In one of the first successes of its kind, researchers from Case Western Reserve University School of Medicine and six other institutions have inhibited the spreading of cancer cells from one part of the body to another. In doing so, they relied on a new model of how cancer metastasizes that emphasizes epigenetics, which examines how genes are turned on and off.
In a study published in Nature Medicine, the investigators--including scientists from the National Cancer Institute and Cleveland Clinic-- used innovative epigenetic-centered techniques to halt the spread of bone cancer (osteosarcoma) cells to the lungs in mice. The large majority of deaths associated with osteosarcoma are due to the spreading of the cancer to the lungs, a process known as metastasis. Most human osteosarcoma cases occur in children and young adults between the ages of 10 and 30, with teens the most frequently affected age group. Clinical outcomes for patients with osteosarcoma have not improved for more than 30 years and there are currently no approved targeted anti-metastatic therapies for the disease in wide clinical use.
"More than 90 percent of all cancer deaths are the result of tumor metastasis, not primary-site tumors," said the study's senior author, Peter Scacheri, PhD, professor of genetics and genome sciences at Case Western Reserve University School of Medicine and member of the Case Comprehensive Cancer Center. "While many of the genes responsible for metastasis have been identified, the mechanisms that control these genes are not well defined. Our findings demonstrate that altered gene-enhancer activity is fundamental to a cancer cell's ability to metastasize."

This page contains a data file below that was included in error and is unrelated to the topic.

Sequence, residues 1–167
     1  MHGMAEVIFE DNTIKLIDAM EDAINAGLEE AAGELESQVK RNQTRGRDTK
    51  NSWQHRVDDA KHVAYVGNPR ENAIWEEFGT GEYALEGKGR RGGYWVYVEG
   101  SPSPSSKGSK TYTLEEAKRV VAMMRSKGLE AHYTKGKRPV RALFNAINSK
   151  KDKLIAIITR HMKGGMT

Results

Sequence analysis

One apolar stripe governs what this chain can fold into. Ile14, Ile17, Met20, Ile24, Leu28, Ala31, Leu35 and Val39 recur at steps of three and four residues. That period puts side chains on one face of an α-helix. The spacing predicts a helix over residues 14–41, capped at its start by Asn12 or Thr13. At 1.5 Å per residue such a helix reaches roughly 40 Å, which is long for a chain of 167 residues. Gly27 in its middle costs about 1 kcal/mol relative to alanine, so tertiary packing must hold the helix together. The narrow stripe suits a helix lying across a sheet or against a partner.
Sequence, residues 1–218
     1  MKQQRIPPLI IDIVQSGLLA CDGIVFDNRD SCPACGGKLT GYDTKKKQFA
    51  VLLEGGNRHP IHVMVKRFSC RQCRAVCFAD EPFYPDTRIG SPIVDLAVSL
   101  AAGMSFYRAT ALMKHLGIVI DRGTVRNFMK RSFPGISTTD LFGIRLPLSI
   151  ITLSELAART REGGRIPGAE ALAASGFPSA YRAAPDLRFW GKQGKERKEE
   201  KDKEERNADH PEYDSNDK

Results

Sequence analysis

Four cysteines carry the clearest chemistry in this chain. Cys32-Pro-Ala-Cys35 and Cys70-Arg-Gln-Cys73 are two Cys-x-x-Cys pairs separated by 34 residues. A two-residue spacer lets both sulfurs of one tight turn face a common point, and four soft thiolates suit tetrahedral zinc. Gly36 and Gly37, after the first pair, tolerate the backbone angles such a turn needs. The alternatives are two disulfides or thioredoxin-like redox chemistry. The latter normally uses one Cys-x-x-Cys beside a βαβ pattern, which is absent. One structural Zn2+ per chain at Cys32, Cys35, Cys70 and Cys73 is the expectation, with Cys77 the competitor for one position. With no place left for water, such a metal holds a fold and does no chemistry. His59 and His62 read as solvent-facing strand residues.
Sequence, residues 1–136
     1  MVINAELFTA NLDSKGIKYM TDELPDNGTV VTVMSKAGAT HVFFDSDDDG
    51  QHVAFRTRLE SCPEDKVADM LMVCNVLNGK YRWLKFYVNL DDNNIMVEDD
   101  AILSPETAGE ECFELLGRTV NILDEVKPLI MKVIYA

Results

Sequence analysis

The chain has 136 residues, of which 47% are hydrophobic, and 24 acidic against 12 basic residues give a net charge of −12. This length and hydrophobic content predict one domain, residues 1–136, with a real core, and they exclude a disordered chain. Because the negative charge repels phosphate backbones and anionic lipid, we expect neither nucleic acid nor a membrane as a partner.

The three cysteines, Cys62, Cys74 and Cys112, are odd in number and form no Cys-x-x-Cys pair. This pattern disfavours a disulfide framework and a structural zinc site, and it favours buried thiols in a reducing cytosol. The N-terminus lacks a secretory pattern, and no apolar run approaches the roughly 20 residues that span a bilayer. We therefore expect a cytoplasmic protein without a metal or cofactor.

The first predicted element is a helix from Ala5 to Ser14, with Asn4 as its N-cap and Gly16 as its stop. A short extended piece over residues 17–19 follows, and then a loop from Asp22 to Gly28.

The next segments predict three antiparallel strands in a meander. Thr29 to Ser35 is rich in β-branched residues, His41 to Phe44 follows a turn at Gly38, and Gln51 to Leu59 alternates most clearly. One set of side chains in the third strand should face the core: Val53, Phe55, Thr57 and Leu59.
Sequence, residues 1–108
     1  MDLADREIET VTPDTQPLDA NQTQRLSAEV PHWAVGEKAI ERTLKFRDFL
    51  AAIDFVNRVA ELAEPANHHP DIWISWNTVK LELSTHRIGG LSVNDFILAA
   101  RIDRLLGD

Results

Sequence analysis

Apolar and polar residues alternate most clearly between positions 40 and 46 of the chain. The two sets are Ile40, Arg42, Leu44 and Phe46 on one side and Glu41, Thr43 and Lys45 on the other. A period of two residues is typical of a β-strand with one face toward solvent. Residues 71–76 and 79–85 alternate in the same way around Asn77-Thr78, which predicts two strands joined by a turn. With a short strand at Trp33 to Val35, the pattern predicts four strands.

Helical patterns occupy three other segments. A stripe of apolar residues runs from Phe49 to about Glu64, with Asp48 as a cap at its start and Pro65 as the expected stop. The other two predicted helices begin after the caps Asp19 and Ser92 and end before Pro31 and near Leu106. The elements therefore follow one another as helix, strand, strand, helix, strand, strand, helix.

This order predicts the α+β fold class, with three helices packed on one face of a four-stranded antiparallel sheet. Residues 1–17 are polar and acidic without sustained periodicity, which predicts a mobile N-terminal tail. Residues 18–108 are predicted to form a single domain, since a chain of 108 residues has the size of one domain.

Gene enhancers are short segments of DNA that, when bound by specialized proteins called transcription factors, function like switches to activate genes. This process is critical for normal development, as when a single fertilized egg develops into the many different cell types which comprise the body. There are tens of thousands of gene enhancers in each cell, far more than the number of genes; they will be in different "on" and "off" positions in, for example, eye and heart cells, (or gradients thereof, like a dimmer switch's effects on the brightness-level of a light). These distinctive "on and off" profiles lend cells their unique characteristics, even though they all have the same DNA. But faulty enhancer regulation appears to contribute to tumor-formation and subsequent spreading of cancer cells. In addition, different cancers are distinguishable by different enhancer patterns. In this new study, the authors show that the on-off switches of cancer cells that have metastasized are in different positions than in the cells of the source tumor.